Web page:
YMAP-North: Monastic Archaeology in Lower Egypt
In 2006, the YMAP team conducted a geophysical survey at the site of Kellia-Pherme in the Delta region, and we also initiated surveys and excavations at the Monastery of John the Little in Wādī al-Naṭrūn (ancient Scetis). Continuing from 2006 to 2012, excavations at John the Little focused on a monastic midden (i.e. trash deposit) and an early medieval mud-brick monastic residence.
The excavated residence at John the Little is organized around a central courtryard and contains kitchen installations, a latrine, and a room (perhaps an oratory) with an extensive program of wall writings (dipinti) and figural paintings, including images of martyrs and monks, and an apocalyptic scene of Christ depicted as a horned Lamb of God.
YMAP-South: Monastic Archaeology in Upper Egypt
In addition to this work in northern Egypt, in 2008 the Yale Monastic Archaeology Project also assumed responsibility for archaeological documentation and conservation at the White Monastery near Sohag in southern Egypt. There, we have focused our attention on archaeological remains related to water distribution and food production and on a tomb chapel related to the fifth-century head of the monastery, Shenoute of Atripe.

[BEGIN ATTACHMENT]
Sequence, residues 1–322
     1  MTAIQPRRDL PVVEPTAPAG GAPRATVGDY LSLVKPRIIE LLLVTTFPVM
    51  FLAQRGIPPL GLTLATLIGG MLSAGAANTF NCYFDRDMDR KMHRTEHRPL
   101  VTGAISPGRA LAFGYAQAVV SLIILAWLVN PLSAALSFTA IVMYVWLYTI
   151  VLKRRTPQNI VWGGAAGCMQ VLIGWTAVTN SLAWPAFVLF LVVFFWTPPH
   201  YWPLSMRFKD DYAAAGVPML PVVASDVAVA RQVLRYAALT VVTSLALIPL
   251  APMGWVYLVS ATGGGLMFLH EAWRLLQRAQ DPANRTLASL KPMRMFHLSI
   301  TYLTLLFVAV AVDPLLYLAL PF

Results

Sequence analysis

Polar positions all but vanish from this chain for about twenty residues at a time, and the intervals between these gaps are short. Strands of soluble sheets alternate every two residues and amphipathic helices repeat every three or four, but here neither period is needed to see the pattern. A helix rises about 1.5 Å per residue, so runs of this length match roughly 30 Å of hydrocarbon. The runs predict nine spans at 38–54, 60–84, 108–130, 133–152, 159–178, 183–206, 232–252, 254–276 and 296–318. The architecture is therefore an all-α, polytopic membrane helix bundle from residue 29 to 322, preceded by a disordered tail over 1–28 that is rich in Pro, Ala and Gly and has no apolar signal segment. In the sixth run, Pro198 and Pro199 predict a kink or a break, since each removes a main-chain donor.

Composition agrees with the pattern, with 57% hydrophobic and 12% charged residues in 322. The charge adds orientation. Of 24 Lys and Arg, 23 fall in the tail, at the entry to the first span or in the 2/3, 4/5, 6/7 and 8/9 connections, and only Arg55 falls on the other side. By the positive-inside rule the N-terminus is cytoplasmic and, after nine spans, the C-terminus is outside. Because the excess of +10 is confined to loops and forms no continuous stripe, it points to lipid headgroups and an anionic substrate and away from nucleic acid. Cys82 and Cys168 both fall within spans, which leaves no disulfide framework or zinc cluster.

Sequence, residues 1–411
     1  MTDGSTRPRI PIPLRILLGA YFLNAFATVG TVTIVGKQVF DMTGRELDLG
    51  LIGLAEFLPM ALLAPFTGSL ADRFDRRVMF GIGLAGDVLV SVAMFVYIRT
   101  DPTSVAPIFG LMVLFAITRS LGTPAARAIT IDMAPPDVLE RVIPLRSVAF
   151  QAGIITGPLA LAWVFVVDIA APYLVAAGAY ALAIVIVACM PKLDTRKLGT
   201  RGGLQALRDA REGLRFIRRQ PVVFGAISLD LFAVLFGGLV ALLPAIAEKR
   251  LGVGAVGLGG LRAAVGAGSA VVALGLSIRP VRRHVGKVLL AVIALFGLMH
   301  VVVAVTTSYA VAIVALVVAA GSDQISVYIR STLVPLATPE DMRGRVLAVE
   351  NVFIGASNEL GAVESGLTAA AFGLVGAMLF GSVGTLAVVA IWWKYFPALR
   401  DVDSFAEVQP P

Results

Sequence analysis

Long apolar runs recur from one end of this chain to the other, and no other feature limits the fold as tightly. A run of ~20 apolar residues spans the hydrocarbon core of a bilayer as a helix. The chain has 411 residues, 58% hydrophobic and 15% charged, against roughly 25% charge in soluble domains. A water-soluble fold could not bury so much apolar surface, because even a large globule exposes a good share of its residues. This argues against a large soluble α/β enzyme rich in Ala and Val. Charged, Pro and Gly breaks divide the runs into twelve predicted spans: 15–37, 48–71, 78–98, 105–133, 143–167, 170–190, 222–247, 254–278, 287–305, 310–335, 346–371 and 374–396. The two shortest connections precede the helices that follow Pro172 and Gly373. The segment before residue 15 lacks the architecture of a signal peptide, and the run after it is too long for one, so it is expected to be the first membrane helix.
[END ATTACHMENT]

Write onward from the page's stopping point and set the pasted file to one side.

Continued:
In February and March 2015, our work in the church included two urgent conservation initiatives. First, an Antiquities Endowment Fund (AEF) Grant from the American Research Center in Egypt helped support work to stabilize two sections of the church walls that were in danger of collapse. A three-dimensional test scan of the church’s north wall was also conducted to gauge patterns of deformation.
Ongoing work in Lower Egypt includes a new project to catalogue Coptic, Arabic, and Ethiopic manuscripts in the Monastery of the Syrians, one of the medieval monastic foundations in Wādī al-Naṭrūn that has remained active to the present day. The library collection contains almost a thousand manuscripts. Cataloguing work began in December 2013, and plans for digitizing the massive collection are currently under discussion. With an eye toward future work in Upper Egypt, YMAP has recently entered into collaborative arrangement with a German archaeological mission from Universität Tübingen to document Coptic-era remains at ancient Atripe, the site of the women’s monastery in Shenoute’s federation, located only about three kilometers south of the White Monastery. The plan is to begin excavations in February-March 2016.
Project Leadership and Support
The Yale Monastic Project was founded by Professor Stephen J. Davis (Yale University) who has served as its executive director since its inception in 2006. Professor Darlene Brooks Hedstrom (Wittenberg University) and Dr. Gillian Pyke (Yale University) have served as the project’s archaeological field directors. YMAP receives generous annual support from the Simpson Endowment for Egyptology and the Yale Egyptological Institute in Egypt, and the project has benefited from its longstanding cooperation with the Egyptian Supreme Council of Antiquities (SCA), as well as the ecclesiastical and monastic leadership of the Coptic Orthodox Church.